Modelling the evolution of Schmallenberg virus seroprevalence in a sheep flock after natural infection.

Research output: Contribution to journalArticlepeer-review


Modelling the long-term seroprevalence evolution against Schmallenberg virus (SBV) is of first interest to plan vaccination strategies and to predict viral resurgence. The objectives of this study were first to estimate the duration of colostral immunity and the persistence of active immunity in a sheep flock that encountered two episodes of natural SBV infection and then to model the evolution of SBV seroprevalence by considering immune status as well as zootechnical variables. The entire sheep flock of the University of Namur composed by around 400 ewes producing 600 lambs a year and characterized by an annual 24.0% renewal rate was used for this study from January 2012 until December 2016. Antibody titers were estimated by performing Virus Neutralization Test (VNT) from blood and colostrum samples collected in lambs and adult sheep. Colostral antibodies against SBV of lambs born to seropositive ewes were detectable during four months. A significant increase of anti-SBV antibody titers was observed in lambs’ serum as well as in ewes’ colostrum between the time of first viral episode (2011) and the time of SBV reemergence (2012) suggesting a booster effect of viral resurgence on immune status. In naturally SBV infected adult sheep, the active immunity was estimated to last at least four years. These results combined with flock management data allowed to develop a mathematical model to predict the evolution of SBV seroprevalence at a herd scale. The accuracy of this model was assessed by VNT experiment performed at the end of the study. By applying this model to the sheep flock of the University of Namur, it was estimated that an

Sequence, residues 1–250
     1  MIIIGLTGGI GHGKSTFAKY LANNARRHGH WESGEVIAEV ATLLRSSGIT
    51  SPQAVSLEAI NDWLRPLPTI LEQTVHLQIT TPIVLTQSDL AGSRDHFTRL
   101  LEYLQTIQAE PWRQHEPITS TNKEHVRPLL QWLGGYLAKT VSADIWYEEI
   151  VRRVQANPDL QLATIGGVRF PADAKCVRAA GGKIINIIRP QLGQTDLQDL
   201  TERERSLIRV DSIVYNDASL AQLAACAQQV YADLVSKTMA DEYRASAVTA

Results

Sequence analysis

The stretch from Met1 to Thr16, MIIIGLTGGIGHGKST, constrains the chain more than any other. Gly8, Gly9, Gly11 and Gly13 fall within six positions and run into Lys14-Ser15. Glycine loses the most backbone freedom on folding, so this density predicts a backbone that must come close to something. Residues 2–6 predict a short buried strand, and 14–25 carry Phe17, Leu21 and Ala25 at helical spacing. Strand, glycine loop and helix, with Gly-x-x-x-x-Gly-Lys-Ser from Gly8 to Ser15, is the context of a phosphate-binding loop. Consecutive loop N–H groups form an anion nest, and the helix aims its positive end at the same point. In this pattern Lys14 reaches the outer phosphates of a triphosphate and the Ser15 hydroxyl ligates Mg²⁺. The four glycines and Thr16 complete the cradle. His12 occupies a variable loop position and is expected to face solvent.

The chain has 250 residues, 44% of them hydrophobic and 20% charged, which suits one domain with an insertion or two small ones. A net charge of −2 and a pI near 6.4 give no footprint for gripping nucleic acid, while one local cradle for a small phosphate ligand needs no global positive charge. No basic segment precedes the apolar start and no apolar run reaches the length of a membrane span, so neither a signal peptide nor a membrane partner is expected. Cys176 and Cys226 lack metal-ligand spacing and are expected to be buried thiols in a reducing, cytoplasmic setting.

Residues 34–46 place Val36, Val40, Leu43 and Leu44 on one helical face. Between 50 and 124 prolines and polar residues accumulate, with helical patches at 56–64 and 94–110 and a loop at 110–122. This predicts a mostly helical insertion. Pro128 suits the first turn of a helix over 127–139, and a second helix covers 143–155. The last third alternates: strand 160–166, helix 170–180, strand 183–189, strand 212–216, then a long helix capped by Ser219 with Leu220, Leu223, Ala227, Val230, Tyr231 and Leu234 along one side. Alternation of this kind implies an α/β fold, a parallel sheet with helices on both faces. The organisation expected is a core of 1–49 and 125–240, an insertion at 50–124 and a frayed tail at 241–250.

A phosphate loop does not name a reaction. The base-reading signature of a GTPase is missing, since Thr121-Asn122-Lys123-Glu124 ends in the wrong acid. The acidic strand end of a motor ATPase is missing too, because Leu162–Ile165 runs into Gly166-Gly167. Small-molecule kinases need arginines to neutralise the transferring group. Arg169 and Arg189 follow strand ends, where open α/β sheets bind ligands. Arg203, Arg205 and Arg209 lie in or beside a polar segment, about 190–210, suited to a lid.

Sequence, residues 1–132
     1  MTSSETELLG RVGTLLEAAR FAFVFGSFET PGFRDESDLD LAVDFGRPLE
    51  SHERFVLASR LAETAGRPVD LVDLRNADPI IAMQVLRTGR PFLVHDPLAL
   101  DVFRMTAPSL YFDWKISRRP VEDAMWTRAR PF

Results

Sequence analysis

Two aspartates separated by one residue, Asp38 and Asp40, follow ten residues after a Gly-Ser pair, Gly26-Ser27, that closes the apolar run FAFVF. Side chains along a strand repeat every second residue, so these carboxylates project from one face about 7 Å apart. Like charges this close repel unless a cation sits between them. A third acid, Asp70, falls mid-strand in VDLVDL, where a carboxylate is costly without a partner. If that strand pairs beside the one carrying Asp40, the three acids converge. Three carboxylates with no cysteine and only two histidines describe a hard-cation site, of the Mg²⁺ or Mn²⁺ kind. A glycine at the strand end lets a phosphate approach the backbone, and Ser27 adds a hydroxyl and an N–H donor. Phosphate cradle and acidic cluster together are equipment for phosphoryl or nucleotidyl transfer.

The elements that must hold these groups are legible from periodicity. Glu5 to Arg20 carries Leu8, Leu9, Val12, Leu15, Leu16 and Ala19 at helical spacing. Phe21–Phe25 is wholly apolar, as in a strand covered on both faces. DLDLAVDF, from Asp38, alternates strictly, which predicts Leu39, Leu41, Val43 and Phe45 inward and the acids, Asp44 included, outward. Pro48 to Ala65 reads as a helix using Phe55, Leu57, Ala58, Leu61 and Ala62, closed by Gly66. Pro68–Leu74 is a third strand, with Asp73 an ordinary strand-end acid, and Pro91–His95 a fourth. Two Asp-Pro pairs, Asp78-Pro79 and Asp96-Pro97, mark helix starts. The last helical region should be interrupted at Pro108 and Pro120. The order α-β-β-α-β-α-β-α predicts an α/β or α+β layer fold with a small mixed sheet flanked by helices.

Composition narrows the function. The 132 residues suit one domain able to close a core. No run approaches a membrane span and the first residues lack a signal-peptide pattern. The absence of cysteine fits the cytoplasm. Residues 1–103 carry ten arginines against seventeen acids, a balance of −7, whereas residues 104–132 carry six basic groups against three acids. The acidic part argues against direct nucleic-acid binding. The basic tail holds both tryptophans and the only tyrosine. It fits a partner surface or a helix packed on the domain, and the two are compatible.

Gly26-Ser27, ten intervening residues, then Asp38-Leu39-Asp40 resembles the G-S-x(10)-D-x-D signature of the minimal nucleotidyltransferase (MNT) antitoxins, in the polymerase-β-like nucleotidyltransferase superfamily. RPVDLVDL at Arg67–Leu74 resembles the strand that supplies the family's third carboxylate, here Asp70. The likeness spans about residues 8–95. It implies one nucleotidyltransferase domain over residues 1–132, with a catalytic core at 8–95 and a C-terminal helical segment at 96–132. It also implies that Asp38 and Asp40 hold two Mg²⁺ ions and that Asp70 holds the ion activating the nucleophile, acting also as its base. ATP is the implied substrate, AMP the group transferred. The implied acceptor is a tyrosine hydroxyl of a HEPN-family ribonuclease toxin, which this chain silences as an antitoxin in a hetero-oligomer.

annual 24.0% renewal rate led to total seronegativity, and so high susceptibility to viral resurgence, in 50 months after time of last natural infection. The third SBV episode detected in this research sheep flock within the expected time demonstrated huge within-flock susceptibility.
Original languageEnglish
Pages (from-to)132-138
Number of pages7
JournalPreventive Veterinary Medicine
Publication statusPublished - 1 Jun 2018


  • Schmallenberg virus
  • sheep
  • seroprevalence
  • evolution
  • Evolution
  • Sheep
  • Seroprevalence


Dive into the research topics of 'Modelling the evolution of Schmallenberg virus seroprevalence in a sheep flock after natural infection.'. Together they form a unique fingerprint.

Cite this